The Supreme Court has rejected an application for leave to appeal by a man jailed for more than 13 years after he left a trail of traumatised victims in Tauranga.

Donny Falakoa was jailed for 13-and-half years on October 15, 2015, for a slew of offences in July 2014 in Tauranga and a crime spree during the previous six months.

Over that six months, Falakoa committed several serious offences, starting with aggravated robbery of a business during which the occupants were threatened and assaulted.

He then stole a vehicle and led police on a high-speed chase on July 30, 2014, after a driving complaint on State Highway 2 near Katikati, and deliberately rammed a
police car twice and injuring a person.

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Falakoa was eventually arrested after another police chase through the streets of suburban Tauranga, during which he fired shots at police while fleeing at 160 km/h.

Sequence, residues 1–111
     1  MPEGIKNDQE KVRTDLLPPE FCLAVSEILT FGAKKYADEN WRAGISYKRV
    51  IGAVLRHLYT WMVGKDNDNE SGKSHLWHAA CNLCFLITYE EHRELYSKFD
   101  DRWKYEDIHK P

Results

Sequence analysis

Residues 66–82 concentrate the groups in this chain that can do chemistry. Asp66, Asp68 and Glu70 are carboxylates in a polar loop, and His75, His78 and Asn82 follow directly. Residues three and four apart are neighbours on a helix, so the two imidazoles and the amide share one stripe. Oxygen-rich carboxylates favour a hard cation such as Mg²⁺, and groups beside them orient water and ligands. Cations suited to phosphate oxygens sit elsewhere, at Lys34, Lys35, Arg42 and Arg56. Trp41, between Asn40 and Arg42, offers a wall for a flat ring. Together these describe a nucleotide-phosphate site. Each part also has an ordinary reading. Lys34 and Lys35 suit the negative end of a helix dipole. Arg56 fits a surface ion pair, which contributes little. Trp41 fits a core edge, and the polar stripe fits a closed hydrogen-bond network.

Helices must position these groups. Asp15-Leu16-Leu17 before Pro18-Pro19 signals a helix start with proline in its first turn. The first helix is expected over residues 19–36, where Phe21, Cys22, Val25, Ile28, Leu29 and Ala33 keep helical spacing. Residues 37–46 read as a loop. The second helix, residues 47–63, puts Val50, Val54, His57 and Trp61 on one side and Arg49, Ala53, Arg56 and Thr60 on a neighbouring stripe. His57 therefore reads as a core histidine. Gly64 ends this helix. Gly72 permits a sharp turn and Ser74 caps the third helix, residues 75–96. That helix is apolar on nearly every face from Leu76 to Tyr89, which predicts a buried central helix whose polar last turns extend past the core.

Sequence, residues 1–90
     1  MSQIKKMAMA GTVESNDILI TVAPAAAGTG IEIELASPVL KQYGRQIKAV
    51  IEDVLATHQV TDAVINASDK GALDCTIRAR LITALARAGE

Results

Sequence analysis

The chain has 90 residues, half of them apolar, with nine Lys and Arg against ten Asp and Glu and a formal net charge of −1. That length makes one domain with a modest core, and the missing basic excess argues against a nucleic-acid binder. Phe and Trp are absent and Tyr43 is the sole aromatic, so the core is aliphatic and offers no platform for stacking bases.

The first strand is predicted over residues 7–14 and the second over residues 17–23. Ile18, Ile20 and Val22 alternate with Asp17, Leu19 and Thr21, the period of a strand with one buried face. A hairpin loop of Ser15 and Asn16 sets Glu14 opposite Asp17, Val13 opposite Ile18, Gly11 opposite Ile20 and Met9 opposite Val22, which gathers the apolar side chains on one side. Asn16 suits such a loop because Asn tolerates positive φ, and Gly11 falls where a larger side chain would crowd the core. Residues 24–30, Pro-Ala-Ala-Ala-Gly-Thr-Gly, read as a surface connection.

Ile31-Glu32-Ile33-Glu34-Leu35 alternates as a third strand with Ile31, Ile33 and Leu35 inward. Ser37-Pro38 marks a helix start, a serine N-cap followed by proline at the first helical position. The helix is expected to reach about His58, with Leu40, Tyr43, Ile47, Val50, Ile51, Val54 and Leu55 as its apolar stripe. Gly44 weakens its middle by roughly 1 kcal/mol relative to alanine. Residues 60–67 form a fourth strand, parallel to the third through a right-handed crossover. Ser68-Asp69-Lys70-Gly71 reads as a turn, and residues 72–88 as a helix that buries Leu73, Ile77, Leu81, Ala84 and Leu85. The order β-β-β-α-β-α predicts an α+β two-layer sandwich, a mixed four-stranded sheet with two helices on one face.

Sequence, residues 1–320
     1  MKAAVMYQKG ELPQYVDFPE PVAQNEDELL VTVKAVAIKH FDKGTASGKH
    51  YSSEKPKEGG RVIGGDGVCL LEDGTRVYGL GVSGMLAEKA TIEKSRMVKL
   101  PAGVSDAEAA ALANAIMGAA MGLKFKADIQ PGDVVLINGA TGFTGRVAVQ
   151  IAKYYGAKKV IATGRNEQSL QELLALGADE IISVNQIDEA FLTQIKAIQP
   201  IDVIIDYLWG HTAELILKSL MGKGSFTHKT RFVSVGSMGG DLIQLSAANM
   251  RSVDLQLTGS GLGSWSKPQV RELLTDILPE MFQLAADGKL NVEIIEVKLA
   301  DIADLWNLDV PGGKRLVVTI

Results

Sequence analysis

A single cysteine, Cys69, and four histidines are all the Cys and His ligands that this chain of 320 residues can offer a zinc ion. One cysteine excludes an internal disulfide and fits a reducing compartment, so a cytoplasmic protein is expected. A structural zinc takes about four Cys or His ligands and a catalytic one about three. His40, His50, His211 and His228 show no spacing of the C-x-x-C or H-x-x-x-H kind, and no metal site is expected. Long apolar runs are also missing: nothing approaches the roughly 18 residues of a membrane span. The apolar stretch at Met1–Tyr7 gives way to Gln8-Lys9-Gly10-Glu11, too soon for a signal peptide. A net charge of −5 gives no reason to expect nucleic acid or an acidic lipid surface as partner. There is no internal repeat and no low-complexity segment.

Judge Charles Blackie, who imposed a 13-and-half-year jail sentence with a minimum non-parole period of half that term, said Falakoa's offending had "left a trail of
of traumatised victims" in his wake.

Falakoa appealed his sentence on the grounds that the discounts allowed by Judge Blackie for his guilty pleas, mental health issues and remorse were "inadequate".

During an earlier Court of Appeal hearing, Falakoa's legal counsel argued a discount of 30 per cent rather than the 25 per cent should have been allowed.

The Court of Appeal disagreed saying 30 per cent "could well be seen as unduly lenient".

Falakoa has continued to argue his overall sentence was "excessive", and complained discounts should have been given for his mental health issues and remorse.

The Supreme Court disagreed.

"We are conscious that the sentence imposed was severe ... We have reached the view that the proposed appeal raises no issues of public or general importance and there is no appearance of a miscarriage of justice," the judgment said.

Falakoa also challenged his conviction for using a firearm against a police officer.

He argued that he should have been prosecuted until a different subsection of the Crimes Act which had a lower maximum penalty.

The Supreme Court rejected the submission.

Falakoa had also not advanced anything to suggest there were exceptional circumstances to warrant granting him leave to appeal directly to the court, the ruling said.

His application for leave to appeal was dismissed.